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A two-month, City Council–financed study found that the environmental impact study of Atlantic Yards is flawed — but not flawed enough to merit a halt in the project.

The Council of Brooklyn Neighborho­ods’ long-awaited $230,000 study found that the DEIS contains “errors [that] incorrectly describe the size and location of the proposed project,” George Janes, executive director of the Environmental Simulation Center, wrote in the study, which was delived to the Empire State Development Corporation just as the state’s public-comment period for Atlantic Yards ended on Friday.

In the end, the CBN, a coalition of 28 local civic groups, merely called for a more “accurate” study of the impacts of the 22-acre project, but did not find enough substantive flaws to call for the DEIS to be scrapped.

Janes did echo the concern of many opponents by questioning the legitimacy of a DEIS claim that the proposed 18,000-seat arena and 14,410-resident development would have no impact on police, fire, and emergency services in 2010 and 2016.

“The DEIS does not include any evidence to substantiate these claims, except for a letter from the New York City police commission­er,” the 300-page study said, revealing that the population within a 3/4-mile radius of the project is already 22 percent higher than the figure used in the DEIS.

Some of the errors Janes spotted in the DEIS appeared somewhat comical, such as cloudy skies in some “before” photos of the project site that were suddenly imbued with sunshine in the “after” simulations.

Janes also told the ESDC that flora within Ratner’s seven-acre public space would die as a result of not enough sunlight.

“You may wish [Forest City Ratner] support assertions regarding plant selection and survival,” Janes wrote.

Meanwhile, a different coalition of affordable housing advocates, civic leaders and city planners released its demands that the project shrink by 33 percent to 50 percent, yet include more affordable housing.

The new coalition, called Brooklyn Speaks, supports working with Ratner to improve the project on the belief that opponents are being marginalized, even though they are right about the project’s adverse affect on neighboring Prospect Heights and Fort Greene.

“If we continue to say we don’t want to see this project at all, we could be left with no opportunity to mitigate its environmental impacts,” said Brooklyn Speaks member Michelle de la Uz, executive director of the Fifth Avenue Committee.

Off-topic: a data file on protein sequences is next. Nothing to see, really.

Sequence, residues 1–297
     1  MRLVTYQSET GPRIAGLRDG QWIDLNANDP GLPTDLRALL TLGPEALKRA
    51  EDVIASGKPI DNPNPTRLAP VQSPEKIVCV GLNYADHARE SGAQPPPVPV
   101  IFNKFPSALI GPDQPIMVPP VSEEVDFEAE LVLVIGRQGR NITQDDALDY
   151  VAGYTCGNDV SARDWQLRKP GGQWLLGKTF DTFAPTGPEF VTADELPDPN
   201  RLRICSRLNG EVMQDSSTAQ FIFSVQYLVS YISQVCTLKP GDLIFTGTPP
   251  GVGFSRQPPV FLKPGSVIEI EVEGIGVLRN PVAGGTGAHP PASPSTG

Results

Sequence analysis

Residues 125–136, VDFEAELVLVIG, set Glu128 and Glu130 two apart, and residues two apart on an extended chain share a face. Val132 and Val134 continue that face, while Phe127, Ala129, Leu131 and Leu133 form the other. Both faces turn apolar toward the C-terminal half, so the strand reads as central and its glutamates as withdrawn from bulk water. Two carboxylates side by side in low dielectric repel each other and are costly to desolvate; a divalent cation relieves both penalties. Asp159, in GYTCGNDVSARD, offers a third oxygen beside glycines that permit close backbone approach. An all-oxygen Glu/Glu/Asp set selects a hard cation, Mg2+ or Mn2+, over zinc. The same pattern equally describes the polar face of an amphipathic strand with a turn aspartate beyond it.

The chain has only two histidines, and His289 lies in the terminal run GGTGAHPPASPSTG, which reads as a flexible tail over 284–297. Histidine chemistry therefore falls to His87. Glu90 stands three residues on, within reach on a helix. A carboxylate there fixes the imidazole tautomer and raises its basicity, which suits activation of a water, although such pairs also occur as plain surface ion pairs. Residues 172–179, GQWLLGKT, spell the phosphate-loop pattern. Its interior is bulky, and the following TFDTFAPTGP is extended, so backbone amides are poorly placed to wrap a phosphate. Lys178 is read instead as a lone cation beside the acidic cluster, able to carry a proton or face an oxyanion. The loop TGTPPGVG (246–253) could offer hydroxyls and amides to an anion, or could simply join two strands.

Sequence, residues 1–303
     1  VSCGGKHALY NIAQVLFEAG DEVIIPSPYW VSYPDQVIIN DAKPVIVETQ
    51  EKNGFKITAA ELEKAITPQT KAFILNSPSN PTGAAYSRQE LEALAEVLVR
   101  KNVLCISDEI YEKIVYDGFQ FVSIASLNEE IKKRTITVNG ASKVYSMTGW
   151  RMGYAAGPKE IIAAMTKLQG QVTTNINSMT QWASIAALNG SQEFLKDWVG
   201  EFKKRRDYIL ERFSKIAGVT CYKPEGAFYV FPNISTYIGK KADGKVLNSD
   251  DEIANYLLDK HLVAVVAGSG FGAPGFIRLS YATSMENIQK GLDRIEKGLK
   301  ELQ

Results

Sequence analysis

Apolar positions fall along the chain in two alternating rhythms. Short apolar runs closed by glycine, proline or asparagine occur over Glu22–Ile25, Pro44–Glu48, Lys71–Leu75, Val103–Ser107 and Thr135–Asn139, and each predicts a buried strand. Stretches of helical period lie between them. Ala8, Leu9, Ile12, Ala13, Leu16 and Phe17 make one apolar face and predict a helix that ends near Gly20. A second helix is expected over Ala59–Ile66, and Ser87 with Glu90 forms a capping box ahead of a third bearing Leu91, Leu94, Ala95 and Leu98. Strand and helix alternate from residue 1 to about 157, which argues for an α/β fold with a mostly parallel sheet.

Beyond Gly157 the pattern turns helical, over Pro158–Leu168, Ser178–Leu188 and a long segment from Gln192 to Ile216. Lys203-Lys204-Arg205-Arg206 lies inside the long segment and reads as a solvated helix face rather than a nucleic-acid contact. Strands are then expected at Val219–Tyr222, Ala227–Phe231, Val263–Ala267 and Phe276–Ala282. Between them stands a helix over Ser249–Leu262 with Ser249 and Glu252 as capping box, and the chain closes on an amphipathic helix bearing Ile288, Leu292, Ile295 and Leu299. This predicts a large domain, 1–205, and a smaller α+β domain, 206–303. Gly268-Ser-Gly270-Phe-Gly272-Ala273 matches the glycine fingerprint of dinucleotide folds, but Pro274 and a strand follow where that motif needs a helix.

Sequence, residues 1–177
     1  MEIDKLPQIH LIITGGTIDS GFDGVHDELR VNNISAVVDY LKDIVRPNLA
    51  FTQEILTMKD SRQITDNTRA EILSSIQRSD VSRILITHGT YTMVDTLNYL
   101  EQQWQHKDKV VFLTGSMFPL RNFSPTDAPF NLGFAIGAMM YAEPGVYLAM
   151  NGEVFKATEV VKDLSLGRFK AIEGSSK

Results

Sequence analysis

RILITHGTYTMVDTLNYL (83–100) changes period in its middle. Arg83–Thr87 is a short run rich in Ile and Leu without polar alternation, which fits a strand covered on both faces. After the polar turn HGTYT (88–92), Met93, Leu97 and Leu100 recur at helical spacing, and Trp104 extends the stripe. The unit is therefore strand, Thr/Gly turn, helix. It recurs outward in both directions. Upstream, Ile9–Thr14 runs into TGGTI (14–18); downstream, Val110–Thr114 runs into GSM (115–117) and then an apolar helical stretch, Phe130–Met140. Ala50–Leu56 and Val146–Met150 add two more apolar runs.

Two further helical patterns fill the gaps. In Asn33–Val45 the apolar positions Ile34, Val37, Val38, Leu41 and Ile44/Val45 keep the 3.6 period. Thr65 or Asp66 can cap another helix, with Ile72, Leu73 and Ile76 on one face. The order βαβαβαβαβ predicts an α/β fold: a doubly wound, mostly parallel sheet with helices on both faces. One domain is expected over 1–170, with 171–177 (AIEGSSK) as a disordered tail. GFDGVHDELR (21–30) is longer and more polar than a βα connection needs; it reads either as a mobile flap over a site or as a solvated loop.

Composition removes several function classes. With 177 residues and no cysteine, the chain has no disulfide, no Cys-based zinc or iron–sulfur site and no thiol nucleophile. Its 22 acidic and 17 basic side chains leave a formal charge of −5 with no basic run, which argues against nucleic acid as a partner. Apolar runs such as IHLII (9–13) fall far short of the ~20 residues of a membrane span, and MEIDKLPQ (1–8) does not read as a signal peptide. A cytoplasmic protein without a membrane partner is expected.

In addition to cuts in the project’s overall size, Brooklyn Speaks also advised the city to keep Pacific Street and Fifth Avenue open, instead of de-mapping the streets around the proposed arena.

“The Municipal Arts Society sees a way this project could work, if significant changes are made,” said Jasper Goldman, a spokesman for the prominent, Manhattan-based planning organization.

The board of the ESDC is expected to approve the project soon. After that, the project will seek its final approval from the Public Authorities Control Board, the same three-man panel that killed the proposed Jets stadium on the West Side of Manhattan last year.

Meanwhile, one Brooklyn architect has come up with a way of bridging the gap between Forest City Ratner and its opponents.

Douglas Hamilton, an architect with 20 years of experience in urban design, took Frank Gehry’s vision for the mega-project and created a “middle ground plan.”

Hamilton calls it the “Pacific Plan.”

“I don’t want to see [the project] scrapped,” Hamilton said. “I think it has a lot of positive elements.”

But, he added, a bunch of “poor design decisions” have created a finished product that “turns its back on making connections with the neighborho­od.”

“It’s as if you’re drawing a knife down the middle of Dean Street,” he said.

And unlike Ratner’s “scorched earth” proposal, Hamilton’s would not require eminent domain.

Hamilton sent his “Pacific Plan” (including the rendering, below left) to the Empire State Development Corporation as part of his testimony on the Atlantic Yards project.

Updated 4:00 pm, November 10, 2010
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